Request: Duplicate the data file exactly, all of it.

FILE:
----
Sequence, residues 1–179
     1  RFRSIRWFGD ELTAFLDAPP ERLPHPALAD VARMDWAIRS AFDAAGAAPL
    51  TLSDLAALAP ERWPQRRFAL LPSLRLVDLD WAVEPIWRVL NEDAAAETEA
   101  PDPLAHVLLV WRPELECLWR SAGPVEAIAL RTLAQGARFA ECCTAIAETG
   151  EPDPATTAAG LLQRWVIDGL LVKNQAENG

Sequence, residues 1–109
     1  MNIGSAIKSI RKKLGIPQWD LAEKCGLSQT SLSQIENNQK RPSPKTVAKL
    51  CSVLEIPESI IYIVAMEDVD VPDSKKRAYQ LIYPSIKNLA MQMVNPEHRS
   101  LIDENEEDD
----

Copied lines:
Sequence, residues 1–179
     1  RFRSIRWFGD ELTAFLDAPP ERLPHPALAD VARMDWAIRS AFDAAGAAPL
    51  TLSDLAALAP ERWPQRRFAL LPSLRLVDLD WAVEPIWRVL NEDAAAETEA
   101  PDPLAHVLLV WRPELECLWR SAGPVEAIAL RTLAQGARFA ECCTAIAETG
   151  EPDPATTAAG LLQRWVIDGL LVKNQAENG

Sequence, residues 1–109
     1  MNIGSAIKSI RKKLGIPQWD LAEKCGLSQT SLSQIENNQK RPSPKTVAKL
    51  CSVLEIPESI IYIVAMEDVD VPDSKKRAYQ LIYPSIKNLA MQMVNPEHRS
   101  LIDENEEDD